BOWMAN — U.S. Secretary of Agriculture Sonny Perdue says he will take the concerns of local farmers and agribusiness leaders back to be heard in Washington.
Trade, the 2018 farm bill, crop and disaster insurance, agricultural water usage, forestry growth and the food stamp program were among the issues Perdue addressed Aug. 21 during a South Carolina Farmer Listening Forum. The forum was held at the home of South Carolina Commissioner of Agriculture Hugh Weathers.
“I am here to learn,” Perdue told about 200 farmers and other agricultural officials. “I am trying to get out here in the real world talking to real farmers, real producers about how we at the USDA can serve you. Most of the time, serving means just don’t hurt us too bad with the federal government.
“I am one of those that don’t believe all the wisdom exists in the world inside Washington, D.C.,” Perdue said. “I want to say your voice is powerful as a whole, particularly as growers and producers. Speak up, speak often, speak loud to not only your local members of Congress but also to the USDA as whole.”
A former Georgia governor, Perdue is the country’s 31st secretary of agriculture.
South Carolina is one of 25 states the secretary plans to visit before Labor Day.
“We have a great messenger,” Weathers said. “He has challenged us to give input and challenged young farmers to provide some input so the changes that come about, you can’t just push it off to the fact that we did not have an opportunity.”
Perdue answered a number of questions related to issues facing farmers today.
- North American Free Trade Agreement: “For most sectors, NAFTA has been good for agriculture,” Perdue said. “Regarding Mexico, we don’t have a lot of things we can ask for. We have a very high market share with Mexico in the products we send down there. We don’t have a lot of room for improvement.”
While President Donald Trump wanted to get rid of U.S. involvement in NAFTA, Perdue said that through the efforts of agricultural leaders, the president has come to realize “do no harm to agriculture” through changes.
“We want agriculture to be treated fairly and stand on its own,” Perdue said. “The good news is we do it better than anywhere in the world.”
- 2018 farm bill and crop insurance: Perdue said the 2014 farm bill progressed in ensuring safety nets for farmers and the 2018 farm bill will continue to do the same.
“There have been some things we can tweak around some planting dates to make it more workable,” Perdue said, noting he is looking for the bill to address insurance needs based on regions of the country.
“Crop insurance will be the bedrock of the risk-management program,” he said, noting the main concern among many is the crop insurance program in the bill is a “true safety net and not a promise of profitability.”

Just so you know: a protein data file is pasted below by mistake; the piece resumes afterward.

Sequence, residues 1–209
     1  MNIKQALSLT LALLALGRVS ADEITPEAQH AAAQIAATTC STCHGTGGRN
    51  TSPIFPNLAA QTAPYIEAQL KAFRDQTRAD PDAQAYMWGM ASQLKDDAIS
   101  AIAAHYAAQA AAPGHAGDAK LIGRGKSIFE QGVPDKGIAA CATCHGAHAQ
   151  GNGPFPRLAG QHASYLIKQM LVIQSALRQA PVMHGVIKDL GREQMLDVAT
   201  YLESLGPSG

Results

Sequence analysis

“We are moving away from direct payments,” he said. “The American public will tolerate and support and pay for I think a safety net because they recognize that food production is a national security issue.”
- Forestry management: Forestry Association of South Carolina President Cam Crawford asked Perdue about his stance on the Timber Innovation Act to advance wood-building construction.
“I am market-based in many things,” Perdue said. “I don’t like … legislation where we are telling if you build this, you have to use this or that. I think the lumber industry has enough benefit there to sell the benefit of the product.”
“Our goal is to get these millions and millions of acres of U.S. forest working again,” he said. “We are not cutting timber like we should.”
- Food stamp program: State Rep. Gilda Cobb Hunter, D-Orangeburg, asked Perdue if the food stamp program would be a part of the 2018 farm bill or a separate piece of legislation.
“I think most people would acknowledge that the coalition that comes together to pass this farm bill is necessary to contain that and keep them combined,” Perdue said. “I don’t think there will be a serious effort to bifurcate those bills this year.”
Perdue said there will be attempts to make sure the program gets back to its original intent as a temporary supplemental nutrition program for people who have lost jobs.
“It was never meant to be a lifestyle,” he said.
- Disaster insurance: “I think they are dead,” Perdue said of the future of disaster insurance. Farmers the last two years have suffered through a historic flood and hurricane during harvest time. “I think Congress has gotten really saddle sour over the supporting appropriations all over the country every year.”
He foresees a more regionalized approach to disaster assistance.
Following his visit with farmers and agribusiness leaders in Bowman, Perdue traveled to Charleston to tour the U.S. Vegetable Lab and then had a chance to take in the solar eclipse at McClellanville with Cape Romain Environmental Charter School students and professors from the College of Charleston.
Read the original article here.